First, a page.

Travis Emory Correll v. The United States of America, et al


PER CURIAM OPINION FILED - THE COURT: James B. Loken, Pasco M. Bowman and Steven M. Colloton (UNPUBLISHED) [4350315] [15-2188]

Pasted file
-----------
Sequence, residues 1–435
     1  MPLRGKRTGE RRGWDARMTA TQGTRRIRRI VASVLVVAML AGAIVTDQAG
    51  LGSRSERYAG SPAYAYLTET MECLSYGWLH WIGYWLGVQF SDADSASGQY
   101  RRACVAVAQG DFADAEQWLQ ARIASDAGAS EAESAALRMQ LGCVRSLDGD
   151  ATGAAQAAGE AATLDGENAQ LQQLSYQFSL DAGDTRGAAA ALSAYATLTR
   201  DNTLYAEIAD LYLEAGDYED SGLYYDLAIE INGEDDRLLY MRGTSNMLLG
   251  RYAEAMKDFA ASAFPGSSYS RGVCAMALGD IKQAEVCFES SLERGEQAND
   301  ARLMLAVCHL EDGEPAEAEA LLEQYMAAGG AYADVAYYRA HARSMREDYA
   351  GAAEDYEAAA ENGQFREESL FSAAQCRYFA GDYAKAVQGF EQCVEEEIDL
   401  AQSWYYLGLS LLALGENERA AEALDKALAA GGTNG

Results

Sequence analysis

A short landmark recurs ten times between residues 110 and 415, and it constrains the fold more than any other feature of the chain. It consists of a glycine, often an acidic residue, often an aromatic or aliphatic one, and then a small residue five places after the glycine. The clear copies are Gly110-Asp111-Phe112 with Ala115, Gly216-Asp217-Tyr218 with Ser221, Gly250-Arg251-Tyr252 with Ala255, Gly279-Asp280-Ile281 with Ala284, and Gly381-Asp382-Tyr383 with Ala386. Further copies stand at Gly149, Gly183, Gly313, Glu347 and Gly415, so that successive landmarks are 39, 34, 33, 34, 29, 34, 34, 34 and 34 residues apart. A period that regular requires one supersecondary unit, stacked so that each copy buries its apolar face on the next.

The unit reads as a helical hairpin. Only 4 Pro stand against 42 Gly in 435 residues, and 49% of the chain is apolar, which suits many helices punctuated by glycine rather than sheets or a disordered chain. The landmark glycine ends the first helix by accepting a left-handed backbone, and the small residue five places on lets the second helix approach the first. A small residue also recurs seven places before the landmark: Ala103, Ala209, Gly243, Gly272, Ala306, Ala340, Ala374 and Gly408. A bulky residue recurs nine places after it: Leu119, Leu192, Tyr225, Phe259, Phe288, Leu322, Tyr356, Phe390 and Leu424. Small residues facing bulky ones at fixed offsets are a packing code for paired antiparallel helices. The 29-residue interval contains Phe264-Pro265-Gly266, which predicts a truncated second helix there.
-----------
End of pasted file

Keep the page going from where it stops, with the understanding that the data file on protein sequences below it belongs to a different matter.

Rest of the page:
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United States Court of Appeals For the Eighth Circuit ___________________________ No. 15-2188 ___________________________ Travis Emory Correll, lllllllllllllllllllllPetitioner - Appellant, v. The United States of America; Loretta E. Lynch, U.S. Attorney General1; Charles E. Samuels, Jr., Director, Federal Bureau of Prisons; Paul M. Laird, Regional Director, Federal Bureau of Prisons; W. Scott Willis, Warden, Federal Prison Camp Yankton, lllllllllllllllllllllRespondents - Appellees. ____________ Appeal from United States District Court for the District of South Dakota - Sioux Falls ____________ Submitted: November 30, 2015 Filed: December 29, 2015 ____________ Before LOKEN, BOWMAN, and COLLOTON, Circuit Judges. ____________ PER CURIAM. 1 Loretta E. Lynch has been appointed to serve as Attorney General of the United States, and is substituted as appellee pursuant to Federal Rule of Appellate Procedure 43(c). Appellate Case: 15-2188 Page: 1 Date Filed: 12/29/2015 Entry ID: 4350315 Federal inmate Travis Correll appeals after the district court2 dismissed his two pro se civil actions, in which he claimed that 18 U.S.C. § 3621, and the regulations promulgated thereunder, violate equal protection because they authorize early release only for nonviolent offenders who both have a history of substance abuse and complete a residential drug-abuse treatment program. We conclude that the district court properly denied Correll’s habeas petition and dismissed his civil-rights action. See United States v. Lurie, 207 F.3d 1075, 1076 (8th Cir. 2000); Cooper v. Schriro, 189 F.3d 791, 783 (8th Cir. 1999) (per curiam). “There is no constitutional or inherent right of a convicted person to be conditionally released before the expiration of a valid sentence.” Greenholtz v. Inmates of Neb. Penal and Corr. Complex, 442 U.S. 1, 7 (1979). The government’s refusal to offer early release to Correll does not implicate a fundamental right, so § 3621 is permissible if it is supported by a rational basis. Congress rationally could have concluded that substance-abuse treatment for prisoners could help reduce the extraordinarily high rate of recidivism among offenders who have a history of substance abuse, and that an early-release incentive was necessary to draw into treatment inmates who might otherwise be unwilling to undergo drug treatment. See H.R. Rep. No. 103-320 (1993). The statute is thus supported by a rational basis. See Brikova v. Holder, 699 F.3d 1005, 1008 (8th Cir. 2012); see also Ewing v. California, 538 U.S. 11, 25 (2003). Accordingly, we affirm. See 8th Cir. R. 47B. ______________________________ 2 The Honorable Lawrence L. Piersol, United States District Judge for the District of South Dakota, adopting the reports and recommendations of the Honorable Veronica L. Duffy, United States Magistrate Judge for the District of South Dakota. -2- Appellate Case: 15-2188 Page: 2 Date Filed: 12/29/2015 Entry ID: 4350315

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